“Ch-ch-Changes/Look out you Rock’n’ rollers.” – David Bowie, “Changes”
As it so often does, change is once again reshaping the New York City recording landscape.
The latest modification to NYC is of the unwelcome variety: The Magic Shop is closing. The SoHo recording studio that opened in 1988 will officially close its doors on Monday, March 16th. Founder Steve Rosenthal broke the news late yesterday evening via a Facebook post that read in part, “I get that New York City is always changing and adapting like the living city it is. Maybe what I believe in is no longer of value, but it was for us and we lived it.”
Rosenthal and the talented team who ran The Magic Shop certainly did live all things audio, consistently maintaining not only a high standard of excellence at the studio, but also its accessibility to artists, producers, and engineers of all types. But its ultra-convenient location on Crosby Street put it smack in the middle of a neighborhood where land values are skyrocketing – never a good sign for a recording studio that leases its land, as opposed to owning it.
While no official reason for the closing has been cited yet by Rosenthal, the studio’s impasse with its co-op landlord at 49 Crosby St. was well documented. Not even the mighty Dave Grohl – fresh off of featuring The Magic Shop on his HBO series “Sonic Highways” — could help Rosenthal to purchase the property.
The Magic Shop was a favored recording, mixing, archiving, restoration, and mastering destination for a long list of artists, from megastars to the most independent of indies: The Ramones, Sonic Youth, Lou Reed, Arcade Fire, Kurt Vile, Norah Jones, plus David Bowie’s most recent The Next Day and * are just a tiny sampling of who walked through the doors (see the 2015 SonicScoop video tour here).
Real Feel, Fearless Gear
What they were drawn to was a tangible vibe, made all the better by nearly 2000 square feet of recording space. Adjoining that was a control room that starred a breathtaking custom Neve 56 input series 80 desk with Flying Fader automation — Rupert Neve himself expanded the board to 55 faders in 1996. Vintage microphones and killer outboard gear by Neumann, API, EMI/Chandler, Focusrite, Sontec, GML, Urei and more became weapons of choice for audio pros worldwide visiting SoHo for a touch of Magic.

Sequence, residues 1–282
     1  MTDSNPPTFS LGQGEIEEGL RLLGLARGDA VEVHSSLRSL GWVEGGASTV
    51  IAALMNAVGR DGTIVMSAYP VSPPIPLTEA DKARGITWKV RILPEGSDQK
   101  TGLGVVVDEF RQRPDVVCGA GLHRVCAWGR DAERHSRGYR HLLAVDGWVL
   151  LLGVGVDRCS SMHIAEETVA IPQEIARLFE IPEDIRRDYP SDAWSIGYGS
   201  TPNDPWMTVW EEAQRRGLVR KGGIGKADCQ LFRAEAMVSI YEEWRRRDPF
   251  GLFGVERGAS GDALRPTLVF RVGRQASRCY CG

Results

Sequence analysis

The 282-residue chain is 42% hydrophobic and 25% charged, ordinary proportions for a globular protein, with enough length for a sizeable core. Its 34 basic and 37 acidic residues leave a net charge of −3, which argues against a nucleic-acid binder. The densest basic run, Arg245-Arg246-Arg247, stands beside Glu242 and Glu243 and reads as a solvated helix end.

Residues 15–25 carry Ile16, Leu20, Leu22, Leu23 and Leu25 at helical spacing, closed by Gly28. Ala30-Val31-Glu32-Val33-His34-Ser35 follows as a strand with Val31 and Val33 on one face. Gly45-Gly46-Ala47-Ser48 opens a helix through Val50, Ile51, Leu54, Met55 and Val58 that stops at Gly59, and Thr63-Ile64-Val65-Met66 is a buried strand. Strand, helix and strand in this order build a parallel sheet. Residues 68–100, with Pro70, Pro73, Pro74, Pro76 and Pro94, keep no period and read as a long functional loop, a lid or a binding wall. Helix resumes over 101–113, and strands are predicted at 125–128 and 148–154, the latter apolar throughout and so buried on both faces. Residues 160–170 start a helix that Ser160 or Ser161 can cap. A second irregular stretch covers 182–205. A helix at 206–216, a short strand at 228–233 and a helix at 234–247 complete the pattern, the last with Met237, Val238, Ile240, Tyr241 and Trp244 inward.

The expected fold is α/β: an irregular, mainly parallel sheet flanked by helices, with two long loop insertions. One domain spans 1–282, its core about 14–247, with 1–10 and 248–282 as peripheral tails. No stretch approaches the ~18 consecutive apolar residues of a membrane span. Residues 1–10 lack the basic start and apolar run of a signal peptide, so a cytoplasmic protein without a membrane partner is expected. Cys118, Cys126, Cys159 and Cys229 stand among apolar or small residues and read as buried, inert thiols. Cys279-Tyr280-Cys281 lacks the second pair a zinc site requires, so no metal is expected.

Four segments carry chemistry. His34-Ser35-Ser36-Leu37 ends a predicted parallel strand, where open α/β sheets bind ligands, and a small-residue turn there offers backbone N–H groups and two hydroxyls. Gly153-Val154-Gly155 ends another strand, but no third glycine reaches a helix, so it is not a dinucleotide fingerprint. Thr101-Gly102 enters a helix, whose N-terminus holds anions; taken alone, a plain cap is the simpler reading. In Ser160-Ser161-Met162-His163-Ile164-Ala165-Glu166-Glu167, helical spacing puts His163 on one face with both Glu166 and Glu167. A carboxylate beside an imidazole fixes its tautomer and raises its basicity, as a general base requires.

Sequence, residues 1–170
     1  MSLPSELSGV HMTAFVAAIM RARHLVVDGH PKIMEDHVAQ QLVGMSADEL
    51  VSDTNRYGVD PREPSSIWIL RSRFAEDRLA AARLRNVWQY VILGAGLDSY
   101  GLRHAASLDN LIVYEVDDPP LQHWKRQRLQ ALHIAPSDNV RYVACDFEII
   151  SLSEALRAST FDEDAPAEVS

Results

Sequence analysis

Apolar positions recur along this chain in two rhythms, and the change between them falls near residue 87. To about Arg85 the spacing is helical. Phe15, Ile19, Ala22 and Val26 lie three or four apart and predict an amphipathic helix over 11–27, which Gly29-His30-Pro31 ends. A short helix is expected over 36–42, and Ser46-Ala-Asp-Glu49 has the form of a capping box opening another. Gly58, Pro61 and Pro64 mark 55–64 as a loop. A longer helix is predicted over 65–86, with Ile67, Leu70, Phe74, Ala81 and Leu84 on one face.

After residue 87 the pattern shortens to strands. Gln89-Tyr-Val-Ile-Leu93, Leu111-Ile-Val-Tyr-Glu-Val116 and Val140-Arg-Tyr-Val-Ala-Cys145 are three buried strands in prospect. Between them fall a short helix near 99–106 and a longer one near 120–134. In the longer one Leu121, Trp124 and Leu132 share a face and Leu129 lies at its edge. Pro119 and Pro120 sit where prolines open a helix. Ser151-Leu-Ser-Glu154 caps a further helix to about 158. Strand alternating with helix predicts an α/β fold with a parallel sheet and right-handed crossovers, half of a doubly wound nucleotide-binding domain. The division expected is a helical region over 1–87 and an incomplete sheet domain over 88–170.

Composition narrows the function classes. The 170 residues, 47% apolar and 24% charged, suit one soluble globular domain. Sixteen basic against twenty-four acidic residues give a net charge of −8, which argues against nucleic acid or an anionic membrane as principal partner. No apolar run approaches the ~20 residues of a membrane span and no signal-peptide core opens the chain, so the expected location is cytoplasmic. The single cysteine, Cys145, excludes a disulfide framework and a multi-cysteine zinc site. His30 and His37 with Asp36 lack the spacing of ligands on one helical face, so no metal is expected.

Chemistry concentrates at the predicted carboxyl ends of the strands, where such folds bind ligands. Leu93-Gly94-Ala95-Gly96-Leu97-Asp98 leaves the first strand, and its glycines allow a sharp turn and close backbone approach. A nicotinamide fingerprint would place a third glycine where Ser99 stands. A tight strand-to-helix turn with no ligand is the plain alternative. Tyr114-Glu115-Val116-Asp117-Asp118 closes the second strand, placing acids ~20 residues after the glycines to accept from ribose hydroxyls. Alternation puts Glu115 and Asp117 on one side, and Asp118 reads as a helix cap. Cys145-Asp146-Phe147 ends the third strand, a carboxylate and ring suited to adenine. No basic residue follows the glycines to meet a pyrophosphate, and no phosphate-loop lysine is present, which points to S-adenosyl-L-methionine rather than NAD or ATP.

One such engineer was Mario J. McNulty (Prince, Laurie Anderson, Angelique Kidjo, Lou Reed, Nine Inch Nails), who along Magic Shop engineer Brian Thorn and project manager Kabir Hermon helped track David Bowie’s penultimate release, 2013’s Tony Visconti-produced The Next Day, at the studio (see SonicScoop’s in-depth article on the album’s creation here).
“The Magic Shop had some very cool sensibilities, and they’re going to be missed,” says McNulty. “It was ideal for band-oriented projects where you needed a room for drums or strings, or to record vocals. It was a throwback versus your sterile pop studio of today – it was a different style, and a lot of people felt comfortable there.
“Steve Rosenthal has always been a very accommodating studio owner, and he definitely cares about the people that work there,” McNulty continues. “They had an excellent staff that was well trained. They got it. A lot of old school studios that have been around know the etiquette of how things are supposed to be – they were a good example of that.”
The Magic Shop’s amazing wraparound Neve console was a major draw for McNulty, who experienced it when recording clients such as Semi Precious Weapons. “I used that console as a super high-quality front end,” McNulty says. “It has a rich, thick-colored sound, and at the same time it’s very clean and open sounding. Without any EQ engaged, you could pull the fader up and immediately get this rich tone. It would affect every microphone – you could have a Shure SM57 going through it, and it would add that quality to it.”
When a studio like Magic Shop closes on relatively short notice, booked sessions will have to be redistributed locally. For McNulty, the first-call alternatives in Manhattan will include Germano Studios, Electric Lady and MSR, plus Brooklyn’s Mission Sound Recording. Still, as McNulty notes, Magic Shop will basically be impossible to replace.
“You have these recording cathedrals in New York City, and you put them on your radar when a project comes up,” he explains. “Magic Shop often came up on the radar for my projects. Semi Precious Weapons was the first full band record I made there, and The Magic Shop was the total right choice of studio for that band: It was 70s glam rock, raw – the vibe of the studio fit. Everything about it was the right kind of feel.
“That was a nice thing to have, but now unfortunately as an engineer that isn’t on your radar anymore. That option goes away. I don’t think there’s any option that could immediately replicate The Magic Shop.”
Big Apple Impact
Whenever an elite facility like the Magic Shop shuts down, the question inevitably arises: Is New York City’s recording scene fading away? As large-scale professional studios succumb to the laws of the jungle, it’s a natural reaction. But McNulty, for one, doesn’t see The Magic Shop’s shuttering as any kind of final blow for Big Apple audio.
“I think it’s a bit extreme to call it a death knell,” observes McNulty. “It’s just a changing atmosphere. I think footprints are getting smaller. There’s small studios popping up all the time. There are NYC Studios that I don’t even know of – I just worked at one that I had only found out about a few weeks ago. It’s nothing on the scale of The Magic Shop, but people are doing what they need to do to make records. Drums and strings still need space – somehow it will be recorded. I’m not happy about the fact that large NYC studios are dying, but I can’t spend too much time worrying about it. It’s kind of happening beyond our control.